By Melanie Hughes of ShelterBox:

I’ve just returned from Malawi, with a team from the international disaster relief charity ShelterBox. The flooding and mudslides caused by Tropical Cyclone Freddy have scarred the hillsides, where enormous car sized rocks destroyed everything in their path. Whole homes have been consumed, washed away or severely damaged, and many of those still standing aren’t habitable or structurally safe.

A field of rocks in Malawi

That’s why ShelterBox will be providing thousands of people with emergency shelter and other essential items to help them return home once the floods have subsided, with local partners and groups.

The cyclone, which could be the longest-lasting and most powerful on record, claimed lives, homes, and livelihoods. More than 650,000 people have been displaced and are now living in crowded rooms, camps, schools, and community centres. The lack of adequate shelter and mosquito nets are leaving people exposed to malaria, which is already a high risk, and the spread of water-borne diseases is a growing concern.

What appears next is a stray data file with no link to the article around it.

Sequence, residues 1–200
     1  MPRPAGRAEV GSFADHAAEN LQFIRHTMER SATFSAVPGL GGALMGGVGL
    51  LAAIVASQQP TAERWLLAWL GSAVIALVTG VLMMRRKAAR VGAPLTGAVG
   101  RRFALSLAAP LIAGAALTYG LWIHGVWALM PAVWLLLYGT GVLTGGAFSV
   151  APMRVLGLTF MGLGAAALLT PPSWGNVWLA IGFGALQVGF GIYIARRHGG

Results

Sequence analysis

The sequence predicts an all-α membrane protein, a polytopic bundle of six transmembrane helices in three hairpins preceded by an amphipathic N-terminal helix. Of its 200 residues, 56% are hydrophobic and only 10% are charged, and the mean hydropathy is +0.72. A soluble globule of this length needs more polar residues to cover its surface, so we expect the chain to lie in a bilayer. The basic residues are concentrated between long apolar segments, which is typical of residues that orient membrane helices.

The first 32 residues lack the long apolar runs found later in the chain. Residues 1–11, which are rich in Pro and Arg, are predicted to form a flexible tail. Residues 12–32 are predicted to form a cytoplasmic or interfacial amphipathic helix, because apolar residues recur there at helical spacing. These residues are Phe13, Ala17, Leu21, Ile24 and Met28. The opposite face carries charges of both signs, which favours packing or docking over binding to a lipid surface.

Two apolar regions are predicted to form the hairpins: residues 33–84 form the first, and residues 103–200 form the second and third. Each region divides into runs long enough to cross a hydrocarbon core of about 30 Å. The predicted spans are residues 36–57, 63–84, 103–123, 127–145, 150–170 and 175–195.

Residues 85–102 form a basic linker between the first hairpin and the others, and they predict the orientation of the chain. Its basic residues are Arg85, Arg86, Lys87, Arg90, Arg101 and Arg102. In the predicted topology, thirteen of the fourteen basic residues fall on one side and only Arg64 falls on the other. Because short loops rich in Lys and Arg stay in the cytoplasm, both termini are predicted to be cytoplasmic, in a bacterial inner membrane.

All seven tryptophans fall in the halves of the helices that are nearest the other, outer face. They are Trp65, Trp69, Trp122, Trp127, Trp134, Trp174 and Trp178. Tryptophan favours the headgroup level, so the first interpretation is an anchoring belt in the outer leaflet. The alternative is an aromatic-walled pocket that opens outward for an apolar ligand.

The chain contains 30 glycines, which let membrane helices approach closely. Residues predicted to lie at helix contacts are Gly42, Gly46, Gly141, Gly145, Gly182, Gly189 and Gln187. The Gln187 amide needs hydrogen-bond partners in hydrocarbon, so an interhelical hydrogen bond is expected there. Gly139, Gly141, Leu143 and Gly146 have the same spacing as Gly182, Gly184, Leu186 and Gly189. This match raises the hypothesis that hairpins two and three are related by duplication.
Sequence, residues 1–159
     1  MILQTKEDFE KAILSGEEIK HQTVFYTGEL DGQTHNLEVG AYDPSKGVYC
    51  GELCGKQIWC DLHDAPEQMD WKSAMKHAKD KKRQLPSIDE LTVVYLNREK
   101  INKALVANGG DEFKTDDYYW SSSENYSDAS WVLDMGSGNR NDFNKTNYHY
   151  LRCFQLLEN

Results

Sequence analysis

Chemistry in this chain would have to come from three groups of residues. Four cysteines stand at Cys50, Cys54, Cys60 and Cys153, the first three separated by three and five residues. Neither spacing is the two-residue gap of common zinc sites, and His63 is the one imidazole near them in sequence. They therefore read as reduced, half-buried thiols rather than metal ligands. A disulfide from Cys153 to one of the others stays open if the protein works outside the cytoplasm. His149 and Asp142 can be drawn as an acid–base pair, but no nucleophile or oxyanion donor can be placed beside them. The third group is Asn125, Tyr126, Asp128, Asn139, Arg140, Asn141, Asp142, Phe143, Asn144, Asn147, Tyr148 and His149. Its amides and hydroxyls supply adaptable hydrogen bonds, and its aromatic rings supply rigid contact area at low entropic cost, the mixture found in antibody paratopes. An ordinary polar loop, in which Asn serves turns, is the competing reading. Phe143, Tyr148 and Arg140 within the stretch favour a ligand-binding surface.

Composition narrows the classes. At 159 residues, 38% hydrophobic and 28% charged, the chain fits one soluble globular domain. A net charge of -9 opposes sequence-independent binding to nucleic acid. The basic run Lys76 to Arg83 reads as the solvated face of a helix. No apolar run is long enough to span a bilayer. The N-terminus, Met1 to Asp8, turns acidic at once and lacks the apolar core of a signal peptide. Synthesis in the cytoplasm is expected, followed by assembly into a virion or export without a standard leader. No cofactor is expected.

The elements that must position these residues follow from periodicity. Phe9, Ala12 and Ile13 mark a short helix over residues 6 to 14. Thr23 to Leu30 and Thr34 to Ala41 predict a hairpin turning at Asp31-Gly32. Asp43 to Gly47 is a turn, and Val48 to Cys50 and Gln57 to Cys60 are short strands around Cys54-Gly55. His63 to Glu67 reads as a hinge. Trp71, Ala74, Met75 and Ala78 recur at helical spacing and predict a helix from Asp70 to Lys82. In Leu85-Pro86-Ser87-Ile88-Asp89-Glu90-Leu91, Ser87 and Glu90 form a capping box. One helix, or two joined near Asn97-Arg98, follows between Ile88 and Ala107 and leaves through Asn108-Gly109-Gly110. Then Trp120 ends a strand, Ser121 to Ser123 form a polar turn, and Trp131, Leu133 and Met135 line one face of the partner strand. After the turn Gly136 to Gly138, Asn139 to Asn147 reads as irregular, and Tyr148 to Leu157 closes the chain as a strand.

More rock damage. Whole homes have been consumed by the mudslides, washed away. Those still standing aren’t habitable or structurally safe.jpg

The aid we’re providing might not seem much, but it will help people, families, and communities start their road to recovery. People will be able to use the tarpaulins, shelter kits, and timber to construct a shelter that offers protection from the elements and provides privacy. Kitchen sets, blankets, mosquito nets, solar lights, sleeping mats, and water filters will give people, who fled unable to take any belongings with them, the essential resources they need to help protect their families. 

Shelterbox team assess the damage

To find out more about the work of ShelterBox across the world, visit